EAU CLAIRE, Wis. (WLAX/WEUX) – More states are starting to use the single dose Johnson and Johnson vaccine again after getting the green light from the CDC on Friday. First News at Nine’s Maria Blough is tracking when it might be used again here in the badger state.
For anyone looking to get a dose of the J&J vaccine in Wisconsin, the wait is going to be a little bit longer. Dr. Ashok Rai, the President and CEO of Prevea Health said the CDC’s approval was the first step.
“We’ll still go through a few more federal steps and a state step hopefully by the middle of this week, and we’ll be able to use J&J again,” Rai said.
Before its return to Wisconsin, vaccinators like Prevea will take part in a call with the CDC and go over new recommendations for administering the shot.
Rai said although the CDC’s research didn’t show a correlation between the vaccine and blood clots, Prevea providers will continue to take precautions.
“Just in case, we’re still going to ask patients to monitor for those typical signs of blood clots such as leg pain, swelling, adnominal pain, headaches, the sign of low platelets: red spots on you–extremely rare occurrences, but we’ll have a chance to educate about that when we give the vaccine,” Rai said.
For the two dose vaccines, nationally 8% of people who got the first shot have been unable or are choosing to skip the second one according to the CDC.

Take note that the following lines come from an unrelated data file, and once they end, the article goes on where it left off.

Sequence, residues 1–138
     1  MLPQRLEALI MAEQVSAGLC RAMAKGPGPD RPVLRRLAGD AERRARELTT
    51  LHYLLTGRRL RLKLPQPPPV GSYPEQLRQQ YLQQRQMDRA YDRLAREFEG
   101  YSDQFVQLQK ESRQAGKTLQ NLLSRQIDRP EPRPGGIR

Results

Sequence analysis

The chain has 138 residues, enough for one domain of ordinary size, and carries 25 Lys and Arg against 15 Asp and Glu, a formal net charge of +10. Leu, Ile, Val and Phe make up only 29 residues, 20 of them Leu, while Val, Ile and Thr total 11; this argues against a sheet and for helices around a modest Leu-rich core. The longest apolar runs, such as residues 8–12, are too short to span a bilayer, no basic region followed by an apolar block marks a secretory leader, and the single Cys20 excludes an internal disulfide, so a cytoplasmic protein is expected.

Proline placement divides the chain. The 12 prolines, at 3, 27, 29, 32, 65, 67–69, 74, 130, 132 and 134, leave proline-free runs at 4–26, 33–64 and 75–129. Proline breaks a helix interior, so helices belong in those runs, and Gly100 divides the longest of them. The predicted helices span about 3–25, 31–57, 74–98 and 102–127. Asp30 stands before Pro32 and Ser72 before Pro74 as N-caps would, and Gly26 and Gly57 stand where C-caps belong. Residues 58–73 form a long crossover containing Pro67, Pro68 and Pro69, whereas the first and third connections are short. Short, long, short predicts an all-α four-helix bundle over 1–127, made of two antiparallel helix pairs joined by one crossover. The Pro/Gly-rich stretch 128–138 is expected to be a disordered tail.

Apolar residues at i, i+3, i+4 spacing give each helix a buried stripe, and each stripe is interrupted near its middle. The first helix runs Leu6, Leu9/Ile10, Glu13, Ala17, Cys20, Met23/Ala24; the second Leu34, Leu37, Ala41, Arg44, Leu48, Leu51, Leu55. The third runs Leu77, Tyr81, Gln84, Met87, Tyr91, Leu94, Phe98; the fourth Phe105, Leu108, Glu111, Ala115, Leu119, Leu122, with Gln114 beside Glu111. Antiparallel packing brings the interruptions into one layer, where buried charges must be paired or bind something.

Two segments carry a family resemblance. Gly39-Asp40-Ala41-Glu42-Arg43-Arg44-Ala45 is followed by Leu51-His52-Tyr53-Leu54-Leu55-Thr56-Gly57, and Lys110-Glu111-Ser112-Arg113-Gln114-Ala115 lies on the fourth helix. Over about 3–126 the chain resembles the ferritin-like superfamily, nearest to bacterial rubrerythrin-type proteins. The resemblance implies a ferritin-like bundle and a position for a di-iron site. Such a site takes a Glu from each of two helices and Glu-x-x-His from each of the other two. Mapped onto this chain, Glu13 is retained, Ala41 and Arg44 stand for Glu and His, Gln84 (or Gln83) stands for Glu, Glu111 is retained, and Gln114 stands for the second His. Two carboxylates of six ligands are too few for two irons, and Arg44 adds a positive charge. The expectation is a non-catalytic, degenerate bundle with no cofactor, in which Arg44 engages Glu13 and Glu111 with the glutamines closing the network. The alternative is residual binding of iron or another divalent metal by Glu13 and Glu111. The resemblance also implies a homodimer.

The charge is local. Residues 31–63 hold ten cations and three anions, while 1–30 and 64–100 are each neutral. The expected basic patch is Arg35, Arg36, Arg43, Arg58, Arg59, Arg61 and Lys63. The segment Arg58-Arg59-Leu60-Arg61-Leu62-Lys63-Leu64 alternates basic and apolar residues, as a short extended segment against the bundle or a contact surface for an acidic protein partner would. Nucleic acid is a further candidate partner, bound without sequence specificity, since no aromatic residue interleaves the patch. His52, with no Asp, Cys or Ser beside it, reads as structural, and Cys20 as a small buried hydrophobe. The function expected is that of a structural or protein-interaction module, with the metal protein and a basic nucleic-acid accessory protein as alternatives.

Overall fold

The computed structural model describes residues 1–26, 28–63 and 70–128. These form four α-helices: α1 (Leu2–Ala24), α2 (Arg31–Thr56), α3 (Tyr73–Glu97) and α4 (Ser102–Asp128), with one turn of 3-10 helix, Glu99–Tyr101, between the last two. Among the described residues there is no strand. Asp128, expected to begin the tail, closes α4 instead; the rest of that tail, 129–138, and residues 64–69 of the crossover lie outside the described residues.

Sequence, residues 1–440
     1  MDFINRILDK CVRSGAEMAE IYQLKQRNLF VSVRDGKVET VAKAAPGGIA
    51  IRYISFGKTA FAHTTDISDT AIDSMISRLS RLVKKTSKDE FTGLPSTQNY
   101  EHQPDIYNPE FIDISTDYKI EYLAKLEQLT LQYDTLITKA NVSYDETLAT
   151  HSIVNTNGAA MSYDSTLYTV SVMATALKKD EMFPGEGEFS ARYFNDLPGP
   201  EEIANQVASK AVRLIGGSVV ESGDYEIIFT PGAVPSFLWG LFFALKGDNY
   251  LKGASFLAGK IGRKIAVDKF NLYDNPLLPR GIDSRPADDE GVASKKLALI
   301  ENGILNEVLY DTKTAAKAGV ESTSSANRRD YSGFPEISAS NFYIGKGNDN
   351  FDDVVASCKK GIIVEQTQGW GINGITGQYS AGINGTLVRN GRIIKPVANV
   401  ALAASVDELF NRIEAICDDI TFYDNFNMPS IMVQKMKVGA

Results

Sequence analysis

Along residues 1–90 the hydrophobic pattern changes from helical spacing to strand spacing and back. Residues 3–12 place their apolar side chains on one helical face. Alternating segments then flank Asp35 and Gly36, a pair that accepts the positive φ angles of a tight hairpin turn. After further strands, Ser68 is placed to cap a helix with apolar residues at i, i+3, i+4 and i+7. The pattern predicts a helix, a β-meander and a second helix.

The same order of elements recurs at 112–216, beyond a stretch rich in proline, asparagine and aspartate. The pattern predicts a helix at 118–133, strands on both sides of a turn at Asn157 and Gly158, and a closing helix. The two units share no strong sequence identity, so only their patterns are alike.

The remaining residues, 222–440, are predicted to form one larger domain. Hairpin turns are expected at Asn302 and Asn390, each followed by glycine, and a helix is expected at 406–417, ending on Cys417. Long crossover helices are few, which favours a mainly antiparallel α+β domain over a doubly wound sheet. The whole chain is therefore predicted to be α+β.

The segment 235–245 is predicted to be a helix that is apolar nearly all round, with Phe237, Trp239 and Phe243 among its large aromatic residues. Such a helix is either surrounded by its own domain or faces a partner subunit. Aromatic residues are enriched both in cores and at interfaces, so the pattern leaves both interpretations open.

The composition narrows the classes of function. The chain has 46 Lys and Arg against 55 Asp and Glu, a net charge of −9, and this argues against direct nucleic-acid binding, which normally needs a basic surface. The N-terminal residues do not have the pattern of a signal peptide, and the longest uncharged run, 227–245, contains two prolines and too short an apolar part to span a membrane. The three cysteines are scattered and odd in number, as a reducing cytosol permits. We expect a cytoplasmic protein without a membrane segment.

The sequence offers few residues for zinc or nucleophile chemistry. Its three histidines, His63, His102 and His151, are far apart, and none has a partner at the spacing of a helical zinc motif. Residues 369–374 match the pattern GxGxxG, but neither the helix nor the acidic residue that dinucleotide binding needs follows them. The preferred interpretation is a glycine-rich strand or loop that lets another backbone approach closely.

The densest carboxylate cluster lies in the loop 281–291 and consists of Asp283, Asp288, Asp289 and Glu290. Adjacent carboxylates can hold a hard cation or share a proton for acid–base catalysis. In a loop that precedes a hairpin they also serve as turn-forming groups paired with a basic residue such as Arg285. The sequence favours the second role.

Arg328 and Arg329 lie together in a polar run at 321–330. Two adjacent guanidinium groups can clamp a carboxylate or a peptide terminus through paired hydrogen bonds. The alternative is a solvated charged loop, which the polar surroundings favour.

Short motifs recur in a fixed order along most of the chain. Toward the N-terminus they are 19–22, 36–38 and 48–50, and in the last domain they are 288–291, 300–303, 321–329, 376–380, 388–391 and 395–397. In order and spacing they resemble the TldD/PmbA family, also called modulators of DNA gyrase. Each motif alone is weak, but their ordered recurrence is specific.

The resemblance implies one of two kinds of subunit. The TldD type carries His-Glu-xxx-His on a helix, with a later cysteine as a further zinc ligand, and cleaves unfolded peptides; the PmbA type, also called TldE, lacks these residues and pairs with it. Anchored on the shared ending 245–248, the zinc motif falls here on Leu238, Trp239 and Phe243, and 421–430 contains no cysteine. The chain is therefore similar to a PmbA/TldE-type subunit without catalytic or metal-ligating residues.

Katie Van Dreese, a nurse midwife with the Marshfield Clinic Health System said you need both doses for full impact.
“We definitely want you to get the first dose,” Van Dreese said. “You’re going to get some immunity, but the real impact we see is with that second dose, and so to combat all the variants we see happening, get that stronger immunity, get that second dose.”
Another concern some may have about the vaccines is if it will impact pregnancy.
Van Dreese said for those who are pregnant or thinking about becoming pregnant, the research has shown the vaccines have no impact on fertility.
Whether you get a two shot vaccine or the J&J vaccine when it becomes available again, health experts agree vaccinations are key to returning to normal.
In Eau Claire Maria Blough First News at Nine.
Another concern some may have about the vaccines is if it will impact pregnancy. Van Dreese says for those who are pregnant or thinking about becoming pregnant, the research has shown the vaccines have no impact on fertility.